Activities which can help you manage stress include

  • exercising regularly
  • eating a balanced diet
  • getting enough sleep and rest
  • seeking support from colleagues, friends and family
  • knowing your limits and avoiding putting undue pressure on yourself

The contribution of meditation and mindfulness-based movement therapies to psycho somatic health is well supported by evidence. Effective disciplines include

  • mindfulness meditation
  • yoga
  • Tai Chi
  • Qi Gong
  • and more

Yoga For Mental & Physical Wellbeing

With its triad of gentle movement, breath regulation and mindful attention yoga has been found to help with a plethora of physical and psychological symptoms, including 

  • blood pressure
  • cholesterol profile
  • digestion and bowel function
  • chronic pain relief
  • anxiety and stress management

along with a host of other physical and emotional issues. Click the link to learn more about how the regular practice of yoga and meditation can help you heal your body, mind and spirit

Osteopathy For Mind-Body Health

The role of body-work in managing your psycho-somatic wellbeing is well documented. Most holistic body therapies embrace the philosophy of body-mind unity. This includes holistic massage, rolfing, shiatsu, tuina, chiropractic and osteopathy

Therefore, I’d like to finish this article with a mention of the contribution of osteopathy to mind-body medicine. Because I’m an osteopath. And because of a tendency in the popular mind to think on osteopathy a purely manual therapy to deal with your aches and pains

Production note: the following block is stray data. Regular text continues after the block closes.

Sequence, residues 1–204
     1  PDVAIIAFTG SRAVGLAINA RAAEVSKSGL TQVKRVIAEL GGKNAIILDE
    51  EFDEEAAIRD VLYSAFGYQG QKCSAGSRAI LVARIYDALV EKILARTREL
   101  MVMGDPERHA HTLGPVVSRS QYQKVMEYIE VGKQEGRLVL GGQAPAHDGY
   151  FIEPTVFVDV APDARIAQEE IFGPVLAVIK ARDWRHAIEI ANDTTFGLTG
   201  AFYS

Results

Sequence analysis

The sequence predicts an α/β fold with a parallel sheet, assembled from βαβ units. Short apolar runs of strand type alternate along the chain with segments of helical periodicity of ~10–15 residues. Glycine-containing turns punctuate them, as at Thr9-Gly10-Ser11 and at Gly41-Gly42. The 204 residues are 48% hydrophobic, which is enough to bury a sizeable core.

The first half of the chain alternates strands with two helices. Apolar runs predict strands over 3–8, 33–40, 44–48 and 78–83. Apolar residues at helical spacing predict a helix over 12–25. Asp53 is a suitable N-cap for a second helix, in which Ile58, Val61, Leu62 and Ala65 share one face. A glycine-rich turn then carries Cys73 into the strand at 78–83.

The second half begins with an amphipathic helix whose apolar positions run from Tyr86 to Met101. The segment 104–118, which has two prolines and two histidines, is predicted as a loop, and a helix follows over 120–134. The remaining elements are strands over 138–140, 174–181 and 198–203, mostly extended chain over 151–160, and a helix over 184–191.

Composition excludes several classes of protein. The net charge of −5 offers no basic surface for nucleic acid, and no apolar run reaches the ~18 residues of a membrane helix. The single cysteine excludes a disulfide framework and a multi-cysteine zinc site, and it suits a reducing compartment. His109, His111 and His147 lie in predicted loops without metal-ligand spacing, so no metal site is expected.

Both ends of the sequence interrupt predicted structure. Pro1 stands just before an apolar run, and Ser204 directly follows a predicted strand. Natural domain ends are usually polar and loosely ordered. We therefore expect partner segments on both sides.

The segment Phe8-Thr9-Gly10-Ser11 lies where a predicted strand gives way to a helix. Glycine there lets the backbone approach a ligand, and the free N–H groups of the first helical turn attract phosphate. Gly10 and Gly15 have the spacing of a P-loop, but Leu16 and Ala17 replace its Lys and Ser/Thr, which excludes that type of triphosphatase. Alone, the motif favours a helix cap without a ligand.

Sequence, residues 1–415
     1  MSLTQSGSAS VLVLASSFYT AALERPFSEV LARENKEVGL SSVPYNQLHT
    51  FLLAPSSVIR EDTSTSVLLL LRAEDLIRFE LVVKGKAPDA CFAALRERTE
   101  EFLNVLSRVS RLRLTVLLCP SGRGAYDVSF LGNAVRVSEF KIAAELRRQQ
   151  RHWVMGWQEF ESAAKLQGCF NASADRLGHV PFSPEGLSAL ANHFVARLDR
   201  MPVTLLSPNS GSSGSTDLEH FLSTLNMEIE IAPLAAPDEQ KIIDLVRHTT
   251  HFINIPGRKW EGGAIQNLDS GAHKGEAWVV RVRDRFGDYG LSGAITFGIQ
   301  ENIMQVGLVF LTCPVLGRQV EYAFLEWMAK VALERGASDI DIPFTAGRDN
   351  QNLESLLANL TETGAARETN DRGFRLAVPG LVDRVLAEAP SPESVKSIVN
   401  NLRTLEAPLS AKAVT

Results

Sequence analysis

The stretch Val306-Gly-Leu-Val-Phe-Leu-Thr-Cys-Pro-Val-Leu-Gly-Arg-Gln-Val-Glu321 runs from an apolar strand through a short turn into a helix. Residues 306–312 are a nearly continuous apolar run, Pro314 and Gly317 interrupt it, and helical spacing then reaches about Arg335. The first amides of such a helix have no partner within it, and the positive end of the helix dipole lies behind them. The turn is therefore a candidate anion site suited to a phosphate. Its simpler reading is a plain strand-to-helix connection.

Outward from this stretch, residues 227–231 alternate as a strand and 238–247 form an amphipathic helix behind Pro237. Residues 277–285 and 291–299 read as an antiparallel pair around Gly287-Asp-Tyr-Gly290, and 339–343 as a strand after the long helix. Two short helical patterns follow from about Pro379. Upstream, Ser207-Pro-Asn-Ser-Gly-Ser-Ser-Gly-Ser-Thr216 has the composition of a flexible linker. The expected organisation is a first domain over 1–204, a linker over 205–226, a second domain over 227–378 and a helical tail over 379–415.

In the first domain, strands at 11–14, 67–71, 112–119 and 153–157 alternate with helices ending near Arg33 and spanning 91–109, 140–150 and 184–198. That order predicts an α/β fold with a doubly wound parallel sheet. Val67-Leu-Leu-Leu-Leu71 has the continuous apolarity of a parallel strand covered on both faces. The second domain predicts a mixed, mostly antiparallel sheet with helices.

While we osteopaths hopefully do a good job of fixing your back, osteopathy itself is a holistic system of healthcare which works with your structure in order to achieve complete physical and mental wellbeing. Osteopaths aim to create an optimal physical environment for all your vital functions to thrive

Osteopaths work with the functional and structural relationships between the musculo-skeletal system (soma), internal organs (viscera), and psyche (mind) with the spine as the principle gateway to the central nervous system

It’s no coincidence that of the list of conditions the profession can claim to help, based on sufficient evidence, lie mostly within the psychosomatic spectrum

Click the link to see some of the more common conditions osteopathy can help you with

Having explored stress, inflammation, safety and wellbeing, and other factors relevant to psycho somatic health we can begin to put theory into practice. Here’s a deeply soothing yoga technique for reducing stress and inducing deep relaxation: yoga nidra – the psychic sleep of the yogi. See you in the next article.